duke and the king can still draw his letters. He’d move only his thumb
and first two fingers (and sometimes his entire arm while his fingers
are rigid if he wants to flourish his letters).

No, we don’t know for certain whether Richard lost part of the little
finger on his right hand. But perhaps it can be allowed that it’s an
interesting coincidence that the *only* finger that’s lost a major
bone is also the *only* finger that is short in portrait, especially
since we know he was significantly wounded at Barnet? “Eh, a fingertip
is minor,” one might say. Not so much in an age where infection and
blood poisoning and death from a mere splinter were commonplace.

Even wearing armor, and given the fact that swords snuck between
plates, there aren’t many places Richard could have been wounded that
wouldn’t have carried a long recovery time or, alternately, a high
risk of lasting muscle or tendon weakness, or a collapsed lung, or
fatal peritonitis, or….

We don’t have record of him lying around healing and unable to travel.
To the contrary, off he went to the Battle of Tewkesbury only a few
days later. He certainly didn’t hang back in that battle. So that
basically leaves injuries at Barnet to his fingers, toes, ears or
genitalia (and I question his ability to sit a horse if the latter had
been wounded), cuts to his face or getting stabbed in the…nether
region. No one ever said he had any facial scarring – serious or
otherwise — so Richard’s losing part of a finger as a fighting duke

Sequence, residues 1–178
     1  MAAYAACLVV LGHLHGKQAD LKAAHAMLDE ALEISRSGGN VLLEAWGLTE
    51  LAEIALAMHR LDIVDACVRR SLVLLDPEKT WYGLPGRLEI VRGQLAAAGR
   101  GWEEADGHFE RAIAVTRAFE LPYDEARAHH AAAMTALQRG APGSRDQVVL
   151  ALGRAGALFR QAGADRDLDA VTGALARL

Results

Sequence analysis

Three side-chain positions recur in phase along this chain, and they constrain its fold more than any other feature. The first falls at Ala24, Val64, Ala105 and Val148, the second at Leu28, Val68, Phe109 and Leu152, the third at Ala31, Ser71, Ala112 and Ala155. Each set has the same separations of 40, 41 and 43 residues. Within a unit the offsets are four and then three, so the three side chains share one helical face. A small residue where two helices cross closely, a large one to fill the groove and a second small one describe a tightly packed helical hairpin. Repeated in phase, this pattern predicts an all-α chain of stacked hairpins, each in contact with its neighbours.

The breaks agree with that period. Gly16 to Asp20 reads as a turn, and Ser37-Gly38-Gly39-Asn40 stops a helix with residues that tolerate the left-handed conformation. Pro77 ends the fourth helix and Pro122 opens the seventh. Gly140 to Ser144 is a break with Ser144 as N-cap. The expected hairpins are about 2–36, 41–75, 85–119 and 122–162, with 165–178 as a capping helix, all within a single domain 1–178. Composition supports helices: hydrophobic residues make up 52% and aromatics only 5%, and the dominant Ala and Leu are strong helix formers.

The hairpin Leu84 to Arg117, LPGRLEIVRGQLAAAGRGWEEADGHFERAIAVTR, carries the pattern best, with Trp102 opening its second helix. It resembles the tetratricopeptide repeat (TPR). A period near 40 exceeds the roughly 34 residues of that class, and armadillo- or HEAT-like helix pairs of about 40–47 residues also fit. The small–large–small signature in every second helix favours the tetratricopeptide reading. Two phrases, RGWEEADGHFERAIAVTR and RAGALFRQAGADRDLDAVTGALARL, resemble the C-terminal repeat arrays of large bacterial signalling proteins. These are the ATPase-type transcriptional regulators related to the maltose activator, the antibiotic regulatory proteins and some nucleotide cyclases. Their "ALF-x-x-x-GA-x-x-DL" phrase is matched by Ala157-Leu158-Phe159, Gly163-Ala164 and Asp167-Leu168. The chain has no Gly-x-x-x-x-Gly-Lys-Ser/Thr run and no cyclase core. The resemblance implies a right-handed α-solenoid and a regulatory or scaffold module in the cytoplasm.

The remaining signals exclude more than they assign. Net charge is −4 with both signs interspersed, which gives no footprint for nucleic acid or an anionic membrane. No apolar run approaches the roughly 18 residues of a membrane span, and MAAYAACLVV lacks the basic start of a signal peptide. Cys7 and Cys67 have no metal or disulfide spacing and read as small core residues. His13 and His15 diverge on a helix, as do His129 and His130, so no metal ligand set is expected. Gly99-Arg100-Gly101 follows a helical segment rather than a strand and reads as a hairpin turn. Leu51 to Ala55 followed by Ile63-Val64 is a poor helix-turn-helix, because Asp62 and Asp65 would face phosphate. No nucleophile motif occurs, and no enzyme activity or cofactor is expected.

(when his squires died beside him, or even during his riding to
protect the borders during his stint as Lord of the North if we want
to ignore Barnet and Tewkesbury, because it sounds like he rode to
stop the reivers, and that was no gentle activity)… and not wanting
to appear imperfect in any way in the marriage-proposal portraits
traveling to Spain and Portugal (so we fiddle with the ring and
disguise it)…well, I think such damage is a possibility.

The Tudors would never mention such a thing, because it would lead to
conversations like this:

“So King Richard the Third lost a finger?”

“Part of a finger. In his very first battle. ‘Cause he was evil and
cruel and God wanted to punish him.”

“How’d he lose part of his finger?”

“That’s not important.”

“How’d he lose it?”

“If you must know, the fighting at Barnet was so bad, his squires were
cut down beside him, and -“

“But Richard survived?”

“Yes. But he lost the tip off of his little finger. Because he was EVIL!”

“So he’s only eighteen, and he lays on and gets all bloody, and some
nasty got past his guard and his gauntlet, but he whacked them first
and survived with only a piffling injury?”

“You’re not listening! The man was EVIL!”

“I don’t think so. I think he was a wicked-cool medieval warlord, and
I wanna know more about him.”

That would be a Tudor’s nightmare.

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2 thoughts on “Richard III’s finger

  1. Reblogged this on mirrigold and commented:
    Love this!

    Liked by 1 person

  2. Reblogged this on Jo's Historic Collection and commented:

    I love it!